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Shared/Static methods & functions

P: n/a
MPF
When designing a n-tier architecture, what is the preferred method/function
accessibility?
<Specifically for asp.net apps>
A private constructor and shared/static methods & functions?
A public constructor and non-shared/static methods & functions?

Are there any drawbacks with regards to performance with either model?

Thanks,

Morgan


Nov 16 '05 #1
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4 Replies


P: n/a
The answer depends on what you are modeling with the design.

If you are modeling a Customer, 99.9% of the time you'll want to create instances
of the Customer class with a public ctor and invoke non-static methods on
the instance.

If you are creating a 'helper' class with generic data access functions you
want a shortcut to, then static methods can help achieve that design.

In general, think of the design and how you'll use the abstractions before
applying syntax to the design.

In general (again), the perf differences are negligible, but the static /
shared keywords carry a lot of weight and can add complexity.

Some more info:

http://msdn.microsoft.com/msdnmag/is...T/default.aspx
http://odetocode.com/Articles/313.aspx
http://odetocode.com/Articles/314.aspx

I hope this helps out,

--
Scott
http://www.OdeToCode.com/blogs/scott/
When designing a n-tier architecture, what is the preferred
method/function
accessibility?
<Specifically for asp.net apps>
A private constructor and shared/static methods & functions?
A public constructor and non-shared/static methods & functions?
Are there any drawbacks with regards to performance with either model?

Thanks,

Morgan

Nov 16 '05 #2

P: n/a
Hi,
A private constructor and shared/static methods & functions?
This approach (and the Singleton design pattern) are good for objects who
should have only one instance. These include various facades, utility
classes etc.
A public constructor and non-shared/static methods & functions?
This approach is recommended for classes representing business entities,
where there can be an arbitrary number of instances.

--
Sincerely,
Dmitriy Lapshin [C# / .NET MVP]
Bring the power of unit testing to the VS .NET IDE today!
http://www.x-unity.net/teststudio.aspx

"MPF" <ab**@senditon.com> wrote in message
news:OP****************@tk2msftngp13.phx.gbl... When designing a n-tier architecture, what is the preferred
method/function accessibility?
<Specifically for asp.net apps>
A private constructor and shared/static methods & functions?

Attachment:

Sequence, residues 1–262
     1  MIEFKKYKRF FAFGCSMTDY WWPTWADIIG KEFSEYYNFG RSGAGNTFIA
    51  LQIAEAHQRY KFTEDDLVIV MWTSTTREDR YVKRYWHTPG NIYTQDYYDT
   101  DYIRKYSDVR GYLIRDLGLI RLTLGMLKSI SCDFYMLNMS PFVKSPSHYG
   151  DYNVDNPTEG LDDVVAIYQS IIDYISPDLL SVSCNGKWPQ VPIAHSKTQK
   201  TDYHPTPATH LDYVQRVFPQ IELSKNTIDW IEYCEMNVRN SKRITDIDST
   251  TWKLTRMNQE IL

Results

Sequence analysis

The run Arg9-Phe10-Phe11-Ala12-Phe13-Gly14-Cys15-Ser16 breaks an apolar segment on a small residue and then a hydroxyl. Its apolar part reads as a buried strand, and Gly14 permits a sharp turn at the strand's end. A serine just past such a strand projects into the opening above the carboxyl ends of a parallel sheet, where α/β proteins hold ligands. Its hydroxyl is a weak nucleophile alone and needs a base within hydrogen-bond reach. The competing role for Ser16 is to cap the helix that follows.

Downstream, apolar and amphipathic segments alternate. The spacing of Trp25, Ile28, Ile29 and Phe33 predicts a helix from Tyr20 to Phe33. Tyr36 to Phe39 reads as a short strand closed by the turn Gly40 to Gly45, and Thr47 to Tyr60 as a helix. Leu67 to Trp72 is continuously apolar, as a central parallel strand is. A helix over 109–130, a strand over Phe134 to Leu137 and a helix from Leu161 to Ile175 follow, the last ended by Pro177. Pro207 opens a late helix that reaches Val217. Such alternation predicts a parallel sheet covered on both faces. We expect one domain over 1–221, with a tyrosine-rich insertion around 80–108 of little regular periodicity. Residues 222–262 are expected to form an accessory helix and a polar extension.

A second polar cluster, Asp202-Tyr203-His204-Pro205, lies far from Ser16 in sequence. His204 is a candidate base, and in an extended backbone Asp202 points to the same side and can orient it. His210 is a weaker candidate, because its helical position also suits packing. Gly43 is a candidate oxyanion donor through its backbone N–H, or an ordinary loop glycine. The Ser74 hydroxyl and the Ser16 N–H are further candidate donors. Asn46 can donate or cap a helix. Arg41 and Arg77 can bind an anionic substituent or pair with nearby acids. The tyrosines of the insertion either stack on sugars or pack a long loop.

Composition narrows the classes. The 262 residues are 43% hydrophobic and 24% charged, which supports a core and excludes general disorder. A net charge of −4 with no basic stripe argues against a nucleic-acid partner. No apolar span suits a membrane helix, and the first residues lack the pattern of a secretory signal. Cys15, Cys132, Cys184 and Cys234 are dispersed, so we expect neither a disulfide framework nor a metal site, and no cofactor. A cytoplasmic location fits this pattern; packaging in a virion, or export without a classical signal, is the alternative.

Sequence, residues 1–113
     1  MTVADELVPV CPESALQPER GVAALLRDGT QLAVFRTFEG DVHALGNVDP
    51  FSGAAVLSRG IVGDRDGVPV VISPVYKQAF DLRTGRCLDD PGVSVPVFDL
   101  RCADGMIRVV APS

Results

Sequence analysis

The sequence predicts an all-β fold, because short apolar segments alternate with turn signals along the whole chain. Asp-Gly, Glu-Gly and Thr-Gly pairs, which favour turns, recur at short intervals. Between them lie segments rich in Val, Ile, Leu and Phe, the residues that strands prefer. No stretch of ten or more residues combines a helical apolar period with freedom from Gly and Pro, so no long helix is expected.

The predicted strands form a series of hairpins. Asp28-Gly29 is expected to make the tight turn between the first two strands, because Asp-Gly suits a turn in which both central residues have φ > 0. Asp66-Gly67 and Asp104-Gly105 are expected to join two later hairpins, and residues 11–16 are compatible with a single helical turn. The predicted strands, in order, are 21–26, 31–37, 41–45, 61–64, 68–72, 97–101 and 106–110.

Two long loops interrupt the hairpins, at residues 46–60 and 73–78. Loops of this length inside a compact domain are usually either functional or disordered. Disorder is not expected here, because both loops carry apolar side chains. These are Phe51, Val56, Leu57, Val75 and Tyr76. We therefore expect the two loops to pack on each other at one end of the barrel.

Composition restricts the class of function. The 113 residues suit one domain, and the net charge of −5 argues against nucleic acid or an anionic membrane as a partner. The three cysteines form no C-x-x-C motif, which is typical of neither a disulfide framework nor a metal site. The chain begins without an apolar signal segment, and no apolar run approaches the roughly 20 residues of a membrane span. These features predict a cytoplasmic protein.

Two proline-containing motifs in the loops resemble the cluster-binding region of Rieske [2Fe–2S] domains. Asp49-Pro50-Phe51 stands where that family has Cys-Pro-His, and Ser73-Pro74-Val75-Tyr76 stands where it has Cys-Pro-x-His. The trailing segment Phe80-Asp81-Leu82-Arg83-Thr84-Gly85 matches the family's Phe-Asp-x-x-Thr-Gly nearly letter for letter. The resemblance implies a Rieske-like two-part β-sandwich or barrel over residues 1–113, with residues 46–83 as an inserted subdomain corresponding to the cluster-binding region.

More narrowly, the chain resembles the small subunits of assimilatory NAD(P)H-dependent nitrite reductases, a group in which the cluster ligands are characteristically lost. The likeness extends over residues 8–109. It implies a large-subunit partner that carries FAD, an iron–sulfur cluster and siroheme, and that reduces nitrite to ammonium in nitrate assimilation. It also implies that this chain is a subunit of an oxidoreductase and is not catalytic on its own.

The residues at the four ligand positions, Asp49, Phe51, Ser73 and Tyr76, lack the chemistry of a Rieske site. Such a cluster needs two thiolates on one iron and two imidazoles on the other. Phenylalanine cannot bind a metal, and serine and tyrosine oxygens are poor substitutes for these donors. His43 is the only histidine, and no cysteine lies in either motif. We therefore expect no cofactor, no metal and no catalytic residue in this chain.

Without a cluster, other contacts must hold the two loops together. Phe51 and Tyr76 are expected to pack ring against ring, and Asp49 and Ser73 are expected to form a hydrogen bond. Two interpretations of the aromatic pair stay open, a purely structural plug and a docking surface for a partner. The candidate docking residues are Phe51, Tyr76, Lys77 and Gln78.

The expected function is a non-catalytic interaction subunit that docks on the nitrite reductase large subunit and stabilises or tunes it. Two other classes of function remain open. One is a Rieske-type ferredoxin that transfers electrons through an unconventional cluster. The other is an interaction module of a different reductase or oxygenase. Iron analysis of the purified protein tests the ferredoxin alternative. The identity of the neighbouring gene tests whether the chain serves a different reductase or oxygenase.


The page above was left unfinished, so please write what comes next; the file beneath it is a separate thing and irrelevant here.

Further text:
A public constructor and non-shared/static methods & functions?

Are there any drawbacks with regards to performance with either model?

Thanks,

Morgan


Nov 16 '05 #3

P: n/a
Thanks for the clarification.

"Dmitriy Lapshin [C# / .NET MVP]" <x-****@no-spam-please.hotpop.com> wrote
in message news:%2******************@tk2msftngp13.phx.gbl...
Hi,
A private constructor and shared/static methods & functions?


This approach (and the Singleton design pattern) are good for objects who
should have only one instance. These include various facades, utility
classes etc.
A public constructor and non-shared/static methods & functions?


This approach is recommended for classes representing business entities,
where there can be an arbitrary number of instances.

--
Sincerely,
Dmitriy Lapshin [C# / .NET MVP]
Bring the power of unit testing to the VS .NET IDE today!
http://www.x-unity.net/teststudio.aspx

"MPF" <ab**@senditon.com> wrote in message
news:OP****************@tk2msftngp13.phx.gbl...
When designing a n-tier architecture, what is the preferred
method/function accessibility?
<Specifically for asp.net apps>
A private constructor and shared/static methods & functions?
A public constructor and non-shared/static methods & functions?

Are there any drawbacks with regards to performance with either model?

Thanks,

Morgan

Nov 16 '05 #4

P: n/a
MPF
Thanks for the additional info, Scott.
Thanks for the links as well.

"Scott Allen" <sc***@nospam.OdeToCode.com> wrote in message
news:46*********************@msnews.microsoft.com. ..
The answer depends on what you are modeling with the design.
If you are modeling a Customer, 99.9% of the time you'll want to create
instances of the Customer class with a public ctor and invoke non-static
methods on the instance.
If you are creating a 'helper' class with generic data access functions
you want a shortcut to, then static methods can help achieve that design.
In general, think of the design and how you'll use the abstractions before
applying syntax to the design.
In general (again), the perf differences are negligible, but the static /
shared keywords carry a lot of weight and can add complexity.
Some more info:

http://msdn.microsoft.com/msdnmag/is...T/default.aspx
http://odetocode.com/Articles/313.aspx
http://odetocode.com/Articles/314.aspx

I hope this helps out,
--
Scott
http://www.OdeToCode.com/blogs/scott/
When designing a n-tier architecture, what is the preferred
method/function
accessibility?
<Specifically for asp.net apps>
A private constructor and shared/static methods & functions?
A public constructor and non-shared/static methods & functions?
Are there any drawbacks with regards to performance with either model?

Thanks,

Morgan


Nov 16 '05 #5

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